HERE are two ideas that may be useful to the handy man who owns a boat, but doesn't own a suitable anchor. One of the illustrations shows an anchor of the conventional form, but made of wood and stone. A piece of wood with a natural bend is used for the fluke piece. The ends must be pointed and two holes must be bored through it, about 4% inches apart, to receive two sticks of very hard wood. Each stick should have a knob on one end to keep it from drawing through the fluke piece. A stone should be placed between the sticks which may be sprung so as to em- Anchor for a house boat. brace the stone tightly. The sticks should then be weIl seized close to the stone and also at the upper ends. Anchor ropes are usuaIly fastened to the fluke piece and thence pass up to the ring or loop, being seized there with a smaIl cord. When pulling up the anchor this cord will break if the anchor is caught in the rocks. The rope will then capsize the a nchor and probably release it. The writer saw thjs anchor on the hank of a river and thought it a very clever idea. The holding qualities looked very good. The other anchor illustrated here is adapted particularly for houseboats. A cross of wood is made and holes are bored near the ends. A square weight is laid on the cross, and bows of hard wood are inserted in the holes and are drawn down tightly on the stom, The ends of the bows are well secured by means of hard-wood wedges. The rope is fastened to the cross and seized with a cord to the junction of the bows. This anchor was used hy the captain of a small craft. He felt very secure when anchored with this homemade device.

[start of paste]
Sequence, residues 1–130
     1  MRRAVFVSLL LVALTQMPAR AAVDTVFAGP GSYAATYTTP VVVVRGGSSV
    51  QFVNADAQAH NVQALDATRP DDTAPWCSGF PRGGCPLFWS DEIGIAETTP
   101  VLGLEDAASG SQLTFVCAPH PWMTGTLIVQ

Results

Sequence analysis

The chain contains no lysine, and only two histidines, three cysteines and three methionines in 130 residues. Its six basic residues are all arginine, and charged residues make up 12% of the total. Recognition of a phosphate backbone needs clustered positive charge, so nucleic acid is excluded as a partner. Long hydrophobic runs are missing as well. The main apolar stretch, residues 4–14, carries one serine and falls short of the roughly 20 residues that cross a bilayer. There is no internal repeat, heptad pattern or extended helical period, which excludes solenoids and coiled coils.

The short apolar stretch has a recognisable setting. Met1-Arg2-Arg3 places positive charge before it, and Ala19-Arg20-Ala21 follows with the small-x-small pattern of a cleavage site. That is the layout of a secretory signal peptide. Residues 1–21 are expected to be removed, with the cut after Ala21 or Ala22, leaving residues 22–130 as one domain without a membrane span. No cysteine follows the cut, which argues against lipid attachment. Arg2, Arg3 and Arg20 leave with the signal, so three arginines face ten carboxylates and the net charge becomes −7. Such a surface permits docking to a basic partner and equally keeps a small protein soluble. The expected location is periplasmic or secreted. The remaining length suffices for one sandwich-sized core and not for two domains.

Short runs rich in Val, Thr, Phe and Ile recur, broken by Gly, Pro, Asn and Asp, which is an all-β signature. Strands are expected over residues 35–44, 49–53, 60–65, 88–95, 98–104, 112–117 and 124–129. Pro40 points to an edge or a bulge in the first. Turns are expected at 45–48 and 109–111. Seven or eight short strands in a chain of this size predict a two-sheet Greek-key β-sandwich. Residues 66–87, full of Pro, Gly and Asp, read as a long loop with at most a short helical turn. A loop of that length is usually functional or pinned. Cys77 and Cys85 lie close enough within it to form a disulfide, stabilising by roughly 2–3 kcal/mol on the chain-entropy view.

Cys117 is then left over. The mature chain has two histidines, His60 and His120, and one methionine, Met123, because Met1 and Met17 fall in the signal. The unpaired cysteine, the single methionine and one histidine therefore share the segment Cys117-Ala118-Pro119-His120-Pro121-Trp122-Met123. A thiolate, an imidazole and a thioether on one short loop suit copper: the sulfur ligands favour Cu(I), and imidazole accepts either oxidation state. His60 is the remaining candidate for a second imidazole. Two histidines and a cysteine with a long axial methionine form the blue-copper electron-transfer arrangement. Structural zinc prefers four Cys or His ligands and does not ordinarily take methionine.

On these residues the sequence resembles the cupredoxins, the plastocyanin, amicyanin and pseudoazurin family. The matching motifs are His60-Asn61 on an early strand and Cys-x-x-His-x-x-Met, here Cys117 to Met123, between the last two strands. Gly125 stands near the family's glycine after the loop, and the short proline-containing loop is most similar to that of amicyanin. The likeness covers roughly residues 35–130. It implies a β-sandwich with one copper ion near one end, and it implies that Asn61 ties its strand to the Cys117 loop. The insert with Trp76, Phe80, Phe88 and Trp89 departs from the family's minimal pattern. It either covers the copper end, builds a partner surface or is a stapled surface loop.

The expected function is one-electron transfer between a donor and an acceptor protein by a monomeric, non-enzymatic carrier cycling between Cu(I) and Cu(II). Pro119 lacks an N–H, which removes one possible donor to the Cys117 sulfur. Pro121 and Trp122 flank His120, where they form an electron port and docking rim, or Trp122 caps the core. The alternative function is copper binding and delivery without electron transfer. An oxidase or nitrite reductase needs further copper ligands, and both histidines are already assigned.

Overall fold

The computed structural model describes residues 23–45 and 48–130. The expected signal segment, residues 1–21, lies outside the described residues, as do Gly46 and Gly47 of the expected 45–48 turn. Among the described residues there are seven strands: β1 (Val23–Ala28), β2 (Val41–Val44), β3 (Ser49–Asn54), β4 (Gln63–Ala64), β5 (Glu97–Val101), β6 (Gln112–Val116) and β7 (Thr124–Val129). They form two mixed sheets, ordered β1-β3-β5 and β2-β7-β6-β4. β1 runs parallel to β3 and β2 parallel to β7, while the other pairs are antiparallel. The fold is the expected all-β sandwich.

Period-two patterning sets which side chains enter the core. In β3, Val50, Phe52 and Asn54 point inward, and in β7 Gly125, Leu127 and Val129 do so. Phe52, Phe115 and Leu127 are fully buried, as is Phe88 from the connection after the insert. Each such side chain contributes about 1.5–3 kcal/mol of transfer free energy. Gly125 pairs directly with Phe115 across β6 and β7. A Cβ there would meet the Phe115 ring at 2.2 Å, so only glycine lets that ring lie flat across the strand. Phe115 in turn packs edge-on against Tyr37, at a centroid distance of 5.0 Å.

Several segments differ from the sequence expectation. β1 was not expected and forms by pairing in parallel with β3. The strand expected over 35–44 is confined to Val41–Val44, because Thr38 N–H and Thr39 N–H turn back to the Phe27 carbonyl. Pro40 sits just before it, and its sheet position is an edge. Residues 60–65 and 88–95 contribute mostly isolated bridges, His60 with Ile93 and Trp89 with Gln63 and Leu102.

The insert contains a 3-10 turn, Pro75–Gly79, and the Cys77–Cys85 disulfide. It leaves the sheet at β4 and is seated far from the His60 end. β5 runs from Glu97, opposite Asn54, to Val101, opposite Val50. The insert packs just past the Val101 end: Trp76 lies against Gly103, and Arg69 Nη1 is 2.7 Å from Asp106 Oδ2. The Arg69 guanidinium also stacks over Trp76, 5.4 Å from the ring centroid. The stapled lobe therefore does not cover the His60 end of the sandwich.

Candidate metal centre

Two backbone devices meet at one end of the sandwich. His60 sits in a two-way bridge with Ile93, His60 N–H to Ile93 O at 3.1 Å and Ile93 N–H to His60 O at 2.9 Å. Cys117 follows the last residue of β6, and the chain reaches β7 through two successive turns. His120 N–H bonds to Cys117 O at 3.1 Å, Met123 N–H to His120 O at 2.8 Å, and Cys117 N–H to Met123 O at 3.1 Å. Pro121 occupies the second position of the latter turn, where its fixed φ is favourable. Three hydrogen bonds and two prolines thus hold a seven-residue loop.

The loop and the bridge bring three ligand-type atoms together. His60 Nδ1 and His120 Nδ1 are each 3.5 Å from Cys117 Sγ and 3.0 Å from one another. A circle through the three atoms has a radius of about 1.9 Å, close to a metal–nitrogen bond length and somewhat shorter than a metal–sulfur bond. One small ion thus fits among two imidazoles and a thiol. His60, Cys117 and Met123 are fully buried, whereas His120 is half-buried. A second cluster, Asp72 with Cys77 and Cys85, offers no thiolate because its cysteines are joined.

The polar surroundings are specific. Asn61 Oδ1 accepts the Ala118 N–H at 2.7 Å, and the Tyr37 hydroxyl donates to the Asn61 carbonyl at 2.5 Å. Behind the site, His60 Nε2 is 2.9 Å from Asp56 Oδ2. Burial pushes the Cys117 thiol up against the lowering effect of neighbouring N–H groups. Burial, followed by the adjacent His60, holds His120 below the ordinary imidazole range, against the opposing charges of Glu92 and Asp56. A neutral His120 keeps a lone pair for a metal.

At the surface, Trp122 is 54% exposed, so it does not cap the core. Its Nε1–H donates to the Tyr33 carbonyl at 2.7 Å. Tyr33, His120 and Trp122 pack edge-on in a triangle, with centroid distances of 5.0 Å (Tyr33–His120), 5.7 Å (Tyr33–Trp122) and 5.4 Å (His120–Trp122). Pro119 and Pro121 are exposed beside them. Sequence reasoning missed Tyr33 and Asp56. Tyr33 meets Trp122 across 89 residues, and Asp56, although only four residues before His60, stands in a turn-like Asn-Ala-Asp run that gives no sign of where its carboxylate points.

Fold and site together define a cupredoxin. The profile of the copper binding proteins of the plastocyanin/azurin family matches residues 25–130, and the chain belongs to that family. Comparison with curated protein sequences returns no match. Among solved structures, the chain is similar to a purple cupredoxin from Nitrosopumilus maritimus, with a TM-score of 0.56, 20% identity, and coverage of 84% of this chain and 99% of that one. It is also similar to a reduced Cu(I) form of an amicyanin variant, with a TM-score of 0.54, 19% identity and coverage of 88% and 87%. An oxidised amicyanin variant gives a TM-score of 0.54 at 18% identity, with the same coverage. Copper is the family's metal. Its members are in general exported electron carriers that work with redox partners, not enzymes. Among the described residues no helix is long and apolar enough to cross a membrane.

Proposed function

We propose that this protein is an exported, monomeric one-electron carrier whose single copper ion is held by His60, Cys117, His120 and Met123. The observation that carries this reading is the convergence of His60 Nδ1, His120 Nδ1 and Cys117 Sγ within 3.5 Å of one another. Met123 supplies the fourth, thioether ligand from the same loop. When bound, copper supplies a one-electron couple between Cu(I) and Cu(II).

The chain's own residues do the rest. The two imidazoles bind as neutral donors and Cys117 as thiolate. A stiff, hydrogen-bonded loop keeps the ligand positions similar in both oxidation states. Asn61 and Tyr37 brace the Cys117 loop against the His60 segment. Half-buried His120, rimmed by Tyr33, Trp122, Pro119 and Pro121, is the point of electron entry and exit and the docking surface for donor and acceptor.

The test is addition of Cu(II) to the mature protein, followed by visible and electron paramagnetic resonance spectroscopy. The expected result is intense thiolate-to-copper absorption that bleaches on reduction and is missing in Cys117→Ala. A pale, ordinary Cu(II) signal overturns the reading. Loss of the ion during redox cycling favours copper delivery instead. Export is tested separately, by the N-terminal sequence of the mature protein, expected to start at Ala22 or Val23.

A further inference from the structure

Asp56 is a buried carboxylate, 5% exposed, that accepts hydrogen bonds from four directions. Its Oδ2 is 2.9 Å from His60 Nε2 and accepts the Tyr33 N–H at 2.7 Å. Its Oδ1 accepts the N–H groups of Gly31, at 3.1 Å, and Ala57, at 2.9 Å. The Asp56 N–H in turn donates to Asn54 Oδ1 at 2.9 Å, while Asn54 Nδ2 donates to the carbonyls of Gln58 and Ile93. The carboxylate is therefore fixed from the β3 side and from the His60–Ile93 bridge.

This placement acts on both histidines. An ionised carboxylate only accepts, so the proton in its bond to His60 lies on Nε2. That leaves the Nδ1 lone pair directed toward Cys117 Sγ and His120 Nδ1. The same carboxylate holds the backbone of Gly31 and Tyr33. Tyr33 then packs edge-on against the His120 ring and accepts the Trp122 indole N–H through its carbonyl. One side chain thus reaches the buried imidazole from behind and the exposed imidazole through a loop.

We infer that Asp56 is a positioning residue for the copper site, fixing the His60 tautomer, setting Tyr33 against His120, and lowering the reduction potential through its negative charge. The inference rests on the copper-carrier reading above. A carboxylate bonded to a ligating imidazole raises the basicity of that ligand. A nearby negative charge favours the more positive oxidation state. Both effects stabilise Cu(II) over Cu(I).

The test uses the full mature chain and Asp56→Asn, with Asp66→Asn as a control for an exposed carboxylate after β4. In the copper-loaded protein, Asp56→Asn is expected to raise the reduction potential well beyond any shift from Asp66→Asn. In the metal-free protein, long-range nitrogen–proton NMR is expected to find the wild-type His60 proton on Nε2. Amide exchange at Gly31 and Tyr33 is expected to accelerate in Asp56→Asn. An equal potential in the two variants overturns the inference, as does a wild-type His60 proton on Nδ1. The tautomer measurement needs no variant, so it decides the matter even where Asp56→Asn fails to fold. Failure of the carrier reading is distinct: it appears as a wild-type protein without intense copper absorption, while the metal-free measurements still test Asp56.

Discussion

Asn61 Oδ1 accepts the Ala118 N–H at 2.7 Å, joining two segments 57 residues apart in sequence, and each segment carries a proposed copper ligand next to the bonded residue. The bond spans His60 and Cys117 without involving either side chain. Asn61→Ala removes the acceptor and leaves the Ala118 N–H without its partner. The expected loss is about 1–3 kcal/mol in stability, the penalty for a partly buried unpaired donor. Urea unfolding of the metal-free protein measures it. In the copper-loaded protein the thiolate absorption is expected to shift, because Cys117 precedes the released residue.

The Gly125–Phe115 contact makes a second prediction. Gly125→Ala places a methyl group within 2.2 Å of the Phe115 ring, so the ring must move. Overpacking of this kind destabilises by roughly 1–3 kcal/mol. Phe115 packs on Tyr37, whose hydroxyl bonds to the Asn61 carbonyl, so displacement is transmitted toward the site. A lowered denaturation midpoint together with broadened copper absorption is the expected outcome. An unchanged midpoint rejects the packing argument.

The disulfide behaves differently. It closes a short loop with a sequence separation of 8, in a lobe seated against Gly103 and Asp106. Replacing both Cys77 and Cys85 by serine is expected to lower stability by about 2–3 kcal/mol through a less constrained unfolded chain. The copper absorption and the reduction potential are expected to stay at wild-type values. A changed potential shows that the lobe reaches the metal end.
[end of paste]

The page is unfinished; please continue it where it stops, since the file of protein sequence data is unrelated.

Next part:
This article was originally published with the title "Home-made Anchors" in Scientific American 105, 4, 84 (July 1911)